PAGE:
The Inca Trail is a historic hiking trail in Peru that ends at one of the country’s most important ancient Incan sites, Machu Picchu. This site is about 75 kilometers (47 miles) from Cusco and Huayna Picchu Mountain (also referred to as Wayna Picchu) is the peak that towers above it. The Huayna Picchu hike (or Wayna Picchu hike) offers one of the most impressive views over Machu Picchu and is one of the most exhilarating in Peru.
The word Huayna is a Quechua word meaning “young” while Picchu means “mountain”. While the name translates to Young Mountain in English, the ruins of Huayna Picchu are certainly not young because they date back to the 1400s.
Although Machu Picchu gets all the attention, Huayna Picchu is actually quite popular. Perhaps it’s because of the views, or the need for a heart-pounding adventure, or the desire to keep going beyond the Inca Trail’s official end. Whatever the reason, many people climb Huayna Picchu each year. Scenery, wildflowers, temples, ancient ruins, and the chance to walk along the same path as the Incas make this trail a must-do.
I did this hike myself and loved it. If you are looking for information about the Huayna Picchu trek you are in the right place. I am about to share everything you need to know to best prepare for it.
Make sure to also read my posts The Most Impressive Ruins In Peru, How To Get To Machu Picchu and A Complete Guide To The Inca Trail To Machu Picchu.
Why You Should Do The Huayna Picchu Hike
To say that Huayna Picchu is spectacular is an understatement. Many visitors prefer it to Machu Picchu, while many say you can’t see one without seeing the other. Either way, if you choose to do it, you might be left exhausted but you won’t be left disappointed!
The views from the top of this mountain are amazing and will take your breath away (that, and the altitude). However, it’s the adventure of the climb that makes this hike so popular – ups and downs and turns and crawl spaces and ledges looking over a seemingly bottomless ravine. On your way to the top, you’ll also see pretty wildflowers, the Great Cavern, and Incan ruins, including an astronomical observatory and the Temple of the Moon.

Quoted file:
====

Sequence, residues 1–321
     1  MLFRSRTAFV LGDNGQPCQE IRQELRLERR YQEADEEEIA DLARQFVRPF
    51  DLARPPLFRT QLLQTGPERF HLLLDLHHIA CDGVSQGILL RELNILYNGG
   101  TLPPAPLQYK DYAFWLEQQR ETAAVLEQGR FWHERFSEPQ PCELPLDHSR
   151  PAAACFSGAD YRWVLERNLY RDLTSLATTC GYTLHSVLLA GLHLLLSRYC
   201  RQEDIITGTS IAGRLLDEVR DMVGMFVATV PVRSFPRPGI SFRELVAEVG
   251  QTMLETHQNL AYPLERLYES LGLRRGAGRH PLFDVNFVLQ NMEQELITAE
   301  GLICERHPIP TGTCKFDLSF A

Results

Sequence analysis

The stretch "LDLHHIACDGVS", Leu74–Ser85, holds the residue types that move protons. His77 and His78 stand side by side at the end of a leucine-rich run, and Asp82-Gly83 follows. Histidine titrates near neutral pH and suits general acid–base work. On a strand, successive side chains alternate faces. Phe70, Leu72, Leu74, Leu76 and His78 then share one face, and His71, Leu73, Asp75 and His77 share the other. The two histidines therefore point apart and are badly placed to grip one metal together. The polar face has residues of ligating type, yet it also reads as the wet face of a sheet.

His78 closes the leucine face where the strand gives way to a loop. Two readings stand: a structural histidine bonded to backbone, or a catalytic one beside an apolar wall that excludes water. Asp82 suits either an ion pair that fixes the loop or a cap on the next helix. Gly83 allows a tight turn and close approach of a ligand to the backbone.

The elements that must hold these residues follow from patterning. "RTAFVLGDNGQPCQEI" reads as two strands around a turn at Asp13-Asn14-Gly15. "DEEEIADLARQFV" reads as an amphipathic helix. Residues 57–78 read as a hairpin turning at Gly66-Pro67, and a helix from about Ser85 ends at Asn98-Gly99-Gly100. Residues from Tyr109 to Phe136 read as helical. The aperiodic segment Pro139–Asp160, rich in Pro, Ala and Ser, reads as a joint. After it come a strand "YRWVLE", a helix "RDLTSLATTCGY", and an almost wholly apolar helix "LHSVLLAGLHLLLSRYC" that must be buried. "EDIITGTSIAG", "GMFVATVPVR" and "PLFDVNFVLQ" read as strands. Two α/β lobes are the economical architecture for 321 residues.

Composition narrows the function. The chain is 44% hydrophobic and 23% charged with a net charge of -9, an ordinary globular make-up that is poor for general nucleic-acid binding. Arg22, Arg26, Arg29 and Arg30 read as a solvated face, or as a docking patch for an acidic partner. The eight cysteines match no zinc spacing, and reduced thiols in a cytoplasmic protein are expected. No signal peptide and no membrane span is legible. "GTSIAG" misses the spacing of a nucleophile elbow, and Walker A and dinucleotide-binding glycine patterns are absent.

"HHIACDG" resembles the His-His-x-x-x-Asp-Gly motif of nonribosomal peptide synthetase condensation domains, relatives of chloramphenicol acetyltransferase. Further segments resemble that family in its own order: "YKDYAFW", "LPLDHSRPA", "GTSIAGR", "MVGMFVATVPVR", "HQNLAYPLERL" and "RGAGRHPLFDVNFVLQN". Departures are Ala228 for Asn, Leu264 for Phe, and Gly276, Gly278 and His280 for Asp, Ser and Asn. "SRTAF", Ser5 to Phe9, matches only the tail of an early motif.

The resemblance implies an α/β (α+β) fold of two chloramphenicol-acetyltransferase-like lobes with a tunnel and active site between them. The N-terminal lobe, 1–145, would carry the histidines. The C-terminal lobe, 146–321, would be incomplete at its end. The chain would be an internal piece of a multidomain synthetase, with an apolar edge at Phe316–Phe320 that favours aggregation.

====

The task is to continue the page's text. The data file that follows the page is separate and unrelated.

At the top, you’ll see Machu Picchu from a whole new angle and the views are out of this world!
Head over to my post The Best Hikes In Peru.
Technical Aspects Of The Wayna Picchu Hike
Overall distance and duration of the hike
Huayna Picchu is a loop trail that’s about five kilometers long (3.1 miles) and the average time it takes to complete the trail is around four hours there and back, but that includes plenty of stops. The trail starts with an altitude of 2,430 meters (7,972 feet) and ends at 2,720 meters (8,920 feet) above sea level. The total elevation gain is around 353 meters (1,158 feet).
Huayna Picchu tickets
You need to get Huayna Picchu tickets in advance if you wish to do the Huayna Picchu Hike. The trail works on time slot system – you need to book one and stick to that: you can’t simply show up for the hike whenever you wish. The reason for this is to limit the number of people starting the hike at the same time.
Only 200 people are allowed on the trail every day and visitors are grouped into four time slots with 50 people in each one. All time slots are in the morning at either 8.00, 9:00, 10:00 or 11:00 am – this means you will be accessing Machu Picchu at 7:00, 8:00. 9:00 or 10:00 am.
Once inside Machu Picchu, signs will guide you to the trail head to Huayna Picchu. You’ll need to present your registration at a checkpoint and walk along a trail for about ten minutes before reaching the Huayna Picchu Trail.